Details on article
|Author||Wiseman, R.; Watt, C.
|Title||Achieving the impossible: a review of magic-based interventions and their effects on wellbeing|
Wiseman R, Watt C. (2018). Achieving the impossible: a review of magic-based interventions and their effects on wellbeing. PeerJ, 6, e6081. doi: 10.7717/peerj.6081.
|Keywords||psychology; occupational therapy; magic tricks; health; intervention: performing arts
|Link to article|| https://doi.org/10.7717/peerj.6081
|Abstract||Research has demonstrated that involvement with mainstream performing arts, such as music and dance, can boost wellbeing. This article extends this work by reviewing little-known research on whether learning magic tricks can have an equally beneficial effect. We first present an historic overview of several magic-based interventions created by magicians, psychologists and occupational therapists. We then identify the potential benefits of such interventions, and review studies that have attempted to systematically assess these interventions. The studies have mostly revealed beneficial outcomes, but much of the work is of poor methodological quality (involving small numbers of participants and no control group), and has tended to focus on clinical populations. Finally, we present guidelines for future research in the area, emphasizing the need for more systematic and better-controlled studies.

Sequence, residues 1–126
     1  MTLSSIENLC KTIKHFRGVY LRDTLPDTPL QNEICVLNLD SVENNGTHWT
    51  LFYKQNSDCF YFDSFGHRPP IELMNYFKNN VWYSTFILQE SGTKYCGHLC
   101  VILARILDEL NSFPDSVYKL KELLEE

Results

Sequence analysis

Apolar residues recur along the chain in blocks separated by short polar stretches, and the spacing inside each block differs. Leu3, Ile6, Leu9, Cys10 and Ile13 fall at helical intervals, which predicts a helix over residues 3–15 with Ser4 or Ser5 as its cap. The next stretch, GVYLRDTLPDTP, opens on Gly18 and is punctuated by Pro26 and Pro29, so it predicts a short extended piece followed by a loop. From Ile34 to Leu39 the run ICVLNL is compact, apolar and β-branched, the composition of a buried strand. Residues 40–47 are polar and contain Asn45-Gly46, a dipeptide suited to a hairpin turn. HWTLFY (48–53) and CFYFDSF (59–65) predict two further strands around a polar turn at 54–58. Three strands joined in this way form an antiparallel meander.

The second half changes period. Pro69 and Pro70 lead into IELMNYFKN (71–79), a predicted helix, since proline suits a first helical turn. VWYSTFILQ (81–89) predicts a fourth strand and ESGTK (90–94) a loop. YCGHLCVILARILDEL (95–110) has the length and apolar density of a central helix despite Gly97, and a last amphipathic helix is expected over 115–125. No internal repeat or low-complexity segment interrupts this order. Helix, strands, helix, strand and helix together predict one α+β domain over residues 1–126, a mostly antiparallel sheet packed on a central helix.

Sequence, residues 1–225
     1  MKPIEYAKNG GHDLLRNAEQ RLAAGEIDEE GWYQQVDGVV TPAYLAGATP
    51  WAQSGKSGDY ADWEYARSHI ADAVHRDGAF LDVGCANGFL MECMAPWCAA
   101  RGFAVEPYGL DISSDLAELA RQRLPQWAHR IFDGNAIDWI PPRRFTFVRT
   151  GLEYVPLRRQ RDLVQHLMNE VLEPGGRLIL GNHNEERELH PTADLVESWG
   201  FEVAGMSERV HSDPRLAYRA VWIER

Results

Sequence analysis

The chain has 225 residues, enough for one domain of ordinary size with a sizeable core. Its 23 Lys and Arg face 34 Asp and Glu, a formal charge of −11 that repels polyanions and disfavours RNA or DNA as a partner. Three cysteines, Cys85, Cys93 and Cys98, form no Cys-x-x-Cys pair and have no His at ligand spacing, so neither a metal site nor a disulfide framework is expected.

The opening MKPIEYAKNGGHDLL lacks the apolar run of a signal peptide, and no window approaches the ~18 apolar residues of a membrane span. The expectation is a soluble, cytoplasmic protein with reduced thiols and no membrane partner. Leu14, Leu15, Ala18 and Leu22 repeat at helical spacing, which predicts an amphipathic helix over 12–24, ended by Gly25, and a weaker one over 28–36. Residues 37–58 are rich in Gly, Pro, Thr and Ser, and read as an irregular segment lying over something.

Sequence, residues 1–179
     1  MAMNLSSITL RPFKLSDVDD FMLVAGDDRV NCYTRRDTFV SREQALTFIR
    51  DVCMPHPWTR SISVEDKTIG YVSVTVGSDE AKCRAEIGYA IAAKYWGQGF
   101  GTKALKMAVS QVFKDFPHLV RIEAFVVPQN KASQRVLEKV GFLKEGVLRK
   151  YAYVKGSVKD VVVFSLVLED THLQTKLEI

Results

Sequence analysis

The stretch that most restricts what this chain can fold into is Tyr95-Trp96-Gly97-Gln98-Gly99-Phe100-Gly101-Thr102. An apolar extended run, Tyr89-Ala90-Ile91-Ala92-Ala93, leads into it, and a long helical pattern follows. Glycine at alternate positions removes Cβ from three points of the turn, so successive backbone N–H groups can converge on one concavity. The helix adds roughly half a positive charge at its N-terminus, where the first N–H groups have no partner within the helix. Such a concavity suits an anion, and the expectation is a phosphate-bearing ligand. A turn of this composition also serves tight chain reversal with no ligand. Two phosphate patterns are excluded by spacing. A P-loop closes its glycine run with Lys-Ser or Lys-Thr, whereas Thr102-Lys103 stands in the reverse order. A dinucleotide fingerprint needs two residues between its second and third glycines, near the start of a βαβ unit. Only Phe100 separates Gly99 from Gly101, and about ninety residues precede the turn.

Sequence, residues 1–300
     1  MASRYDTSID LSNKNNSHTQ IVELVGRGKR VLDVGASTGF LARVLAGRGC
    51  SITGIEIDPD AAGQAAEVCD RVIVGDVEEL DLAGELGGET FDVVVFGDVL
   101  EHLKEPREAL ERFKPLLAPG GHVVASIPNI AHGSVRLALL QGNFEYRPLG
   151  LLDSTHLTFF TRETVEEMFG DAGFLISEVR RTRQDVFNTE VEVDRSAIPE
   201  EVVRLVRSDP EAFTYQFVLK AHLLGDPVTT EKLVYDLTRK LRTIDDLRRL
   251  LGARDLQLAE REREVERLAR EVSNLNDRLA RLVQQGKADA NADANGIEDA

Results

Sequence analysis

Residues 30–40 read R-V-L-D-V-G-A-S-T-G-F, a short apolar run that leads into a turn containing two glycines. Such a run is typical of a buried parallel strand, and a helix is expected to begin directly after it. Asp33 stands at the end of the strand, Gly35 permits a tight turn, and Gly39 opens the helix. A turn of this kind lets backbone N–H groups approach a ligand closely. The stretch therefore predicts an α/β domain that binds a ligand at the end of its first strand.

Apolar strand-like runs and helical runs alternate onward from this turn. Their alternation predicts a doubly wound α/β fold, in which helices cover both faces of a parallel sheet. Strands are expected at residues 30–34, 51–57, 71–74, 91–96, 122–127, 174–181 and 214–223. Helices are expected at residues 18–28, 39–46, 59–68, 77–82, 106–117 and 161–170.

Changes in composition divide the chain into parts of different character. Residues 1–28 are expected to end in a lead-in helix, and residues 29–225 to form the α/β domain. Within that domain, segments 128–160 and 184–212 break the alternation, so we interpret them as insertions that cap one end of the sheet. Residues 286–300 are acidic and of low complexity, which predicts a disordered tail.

|Metodology||Literature review searching the terms "magic therapy" and "magical therapy" into databases (including Google Scholar, Ovid Medline, Scopus and ‘Ask Alexander’ from the Conjuring Arts Research Centre), contacting existing knowledge, authors and personal contacts and snowball